The modern distribution of mesosaur fossils is even more of a puzzle than that of Glossopteris. How could we have identical sets of fossils from two regions widely separated by thousands of miles of open ocean? The mesosaurs were not aquatic reptiles. When we look at the lower map in Figure 6, all becomes clear. The mesosaurs had a central, but limited single distribution, in a geographically distinct region. What is now South America, and West Africa, gradually broke apart at the Mid Atlantic Ridge. By then the mesosaurs, having given rise to a range of dinosaur ancestors, had become extinct leaving only their fossils behind to puzzle future generations.

6. Modern and Permian Distributions of Glossopteris and Mesosaur Fossils


Wegener presented his ideas to the German Geological Association in Frankfurt on 6 January 1912. It was not well received and neither was the repeat lecture in Marburg four days later. The geologists of the time simply could not believe that the continents were capable of breaking apart, or that they could drift on their underlying base.

One of the few German geologists to support him was Wladimir Koppen who became a lifelong advocate of Wegener’s theory. Koppen advised that promoting such a revolutionary idea could harm Wegener’s academic career, and this proved to be the case.

Later that year Wegener joined an expedition to Greenland to make meteorological and geological observations. He wintered with the party on the Greenland ice-cap. (7) On returning to Germany in the spring of 1913 he married Koppen’s daughter, Else. Within a year he was called up to serve as an infantry officer on the outbreak of war in August 1914.

 7. Alfred Wegener In His Younger Days

Despite his military appearance, (7) Wegener hated war. He was wounded in the arm and the neck and fortunately was eventually transferred from the front to the Army’s new meteorological service. This enabled him to pursue his scientific studies and he produced a book in 1915 which expounded his ideas in more detail.

The British Royal Geographical Society considered Wegener’s theory in 1923. Though admitting that it explained much the group as a whole rejected it. One speaker said that no one who “valued his reputation for scientific sanity” could support such a theory. He was correct; the strength of scientific conservatism was very strong. He was more violently criticised for “not seeking the truth, but advocating a cause, and is blind to every fact that tells against it.” (Philip Lake)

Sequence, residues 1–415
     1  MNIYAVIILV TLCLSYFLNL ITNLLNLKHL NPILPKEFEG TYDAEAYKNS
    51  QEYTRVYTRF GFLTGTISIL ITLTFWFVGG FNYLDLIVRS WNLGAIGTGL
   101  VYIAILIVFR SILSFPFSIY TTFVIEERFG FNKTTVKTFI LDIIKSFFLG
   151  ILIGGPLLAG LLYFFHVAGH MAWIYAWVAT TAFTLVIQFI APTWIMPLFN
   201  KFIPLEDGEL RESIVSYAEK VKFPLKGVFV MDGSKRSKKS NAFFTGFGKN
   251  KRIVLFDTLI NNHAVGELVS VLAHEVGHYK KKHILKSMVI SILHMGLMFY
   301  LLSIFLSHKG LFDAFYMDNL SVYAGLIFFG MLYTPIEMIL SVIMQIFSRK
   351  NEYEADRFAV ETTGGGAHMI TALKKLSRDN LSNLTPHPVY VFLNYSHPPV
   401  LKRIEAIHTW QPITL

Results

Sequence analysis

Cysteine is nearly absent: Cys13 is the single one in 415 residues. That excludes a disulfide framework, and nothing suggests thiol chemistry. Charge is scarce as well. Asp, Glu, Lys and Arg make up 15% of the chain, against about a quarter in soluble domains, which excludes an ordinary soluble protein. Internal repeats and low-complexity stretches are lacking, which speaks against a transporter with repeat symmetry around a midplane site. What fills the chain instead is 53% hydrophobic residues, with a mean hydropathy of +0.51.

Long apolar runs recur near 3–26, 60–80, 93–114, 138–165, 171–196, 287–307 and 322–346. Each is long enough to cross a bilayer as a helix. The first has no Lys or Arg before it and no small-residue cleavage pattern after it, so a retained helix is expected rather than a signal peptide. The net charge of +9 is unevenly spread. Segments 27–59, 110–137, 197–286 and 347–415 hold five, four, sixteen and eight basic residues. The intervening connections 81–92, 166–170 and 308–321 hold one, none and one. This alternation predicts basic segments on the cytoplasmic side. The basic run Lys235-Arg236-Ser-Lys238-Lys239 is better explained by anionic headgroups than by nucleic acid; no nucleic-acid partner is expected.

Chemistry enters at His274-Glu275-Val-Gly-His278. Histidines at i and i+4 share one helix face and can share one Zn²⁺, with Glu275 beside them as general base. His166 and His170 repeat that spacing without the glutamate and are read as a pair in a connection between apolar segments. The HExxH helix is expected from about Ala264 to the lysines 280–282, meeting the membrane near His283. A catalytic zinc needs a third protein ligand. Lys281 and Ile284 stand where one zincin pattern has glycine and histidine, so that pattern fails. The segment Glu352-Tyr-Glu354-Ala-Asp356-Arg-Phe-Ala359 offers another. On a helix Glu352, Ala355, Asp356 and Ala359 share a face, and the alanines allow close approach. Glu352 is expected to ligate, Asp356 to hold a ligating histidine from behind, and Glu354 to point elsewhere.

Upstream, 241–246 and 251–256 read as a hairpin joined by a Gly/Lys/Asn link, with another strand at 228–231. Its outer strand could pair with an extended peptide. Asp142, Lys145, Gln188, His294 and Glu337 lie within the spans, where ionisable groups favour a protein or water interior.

In America the response was much the same. The President of the American Philosophical Society called the idea of continental drift, “utter, damned rot!” All this affected Wegener’s professional progress and he remained a lecturer, unable to obtain a professorship in a German university. He left Germany for Austria in 1924, and a professorship was created for him by the sympathetic University of Graz.

In 1928 Wegener attended a symposium in New York where his theory was roundly attacked by a succession of experts, who frequently treated him with scorn and discourtesy. He remained largely silent, realising years ago that this kind of meeting was simply a circus, and few were prepared to listen dispassionately or examine the actual evidence.

Apart from Wladimir Koppen in Germany, Wegener had geological allies in Émile Argand in Switzerland, and Alexander Du Toit in South Africa.

8. Greenland Pony Hauling Sledges of Supplies For Wegener’s 1930 Expedition

In 1930 Wegener led another expedition to Greenland. There were supply problems for the most isolated of the outposts and Wegener had to lead a rescue expedition. He was successful in the attempt but on the return journey to the base camp with a local Greenlander, Wegener died, probably of a heart attack. He was 50 and had celebrated his birthday only a few days beforehand.

His companion had buried him in the snow, and had carefully marked the spot with skiis and ski poles for the later search parties. The Greenlander, Vullemsen disappeared after burying Wegener and was never seen again. The rescue parties, having discovered Wegener’s body, re-interred it and erected a cairn of snow blocks over the site. This is still Alfred Wegener’s last resting place.

As Russell Miller concludes, “the obituaries were laudatory and filled with lavish praise of Wegener’s achievements,” but there was little mention of continental drift, “which by then was generally considered to be nothing more than a bizarre fantasy – an aberration in an otherwise exemplary life.” (p. 59, Miller, op.cit.)

Had Wegener survived into his eighties he might have had the satisfaction of seeing his theories finally vindicated.


As stated earlier, the principal source for the ideas in this short article was “Continental Drift”, by W G Chaloner, in Volume 29 of “New Biology”, Penguin Books, 1959. Further information on Alfred Wegener came from “Continents in Collision” by Russell Miller, Time-Life Books, 1983.


1. The new island of Surtsey, off Iceland, created in 1963-67, (Miller, op.cit.)

2. The formation of a syncline (Author)

3. The SAMFRAU Geosyncline (Author)

4. Carbo-Permian Glaciation (Author)

5. Two fossils from the Permian period (Mesosaur, Miller, op.cit. and Glossopteris after Chaloner, op.cit.)

6. Modern and Permian Distributions of Glossopteris and Mesosaur Fossils (Author)

7. Alfred Wegener In His Younger Days (Miller, op.cit.)

8. Greenland Pony Hauling Sledges of Supplies (Miller, op.cit.)

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One Response to The Renaissance of Continental Drift

  1. Deskarati says:

    A very enlightening piece Alfy. I particularly enjoyed the works and life of Alfred Wegener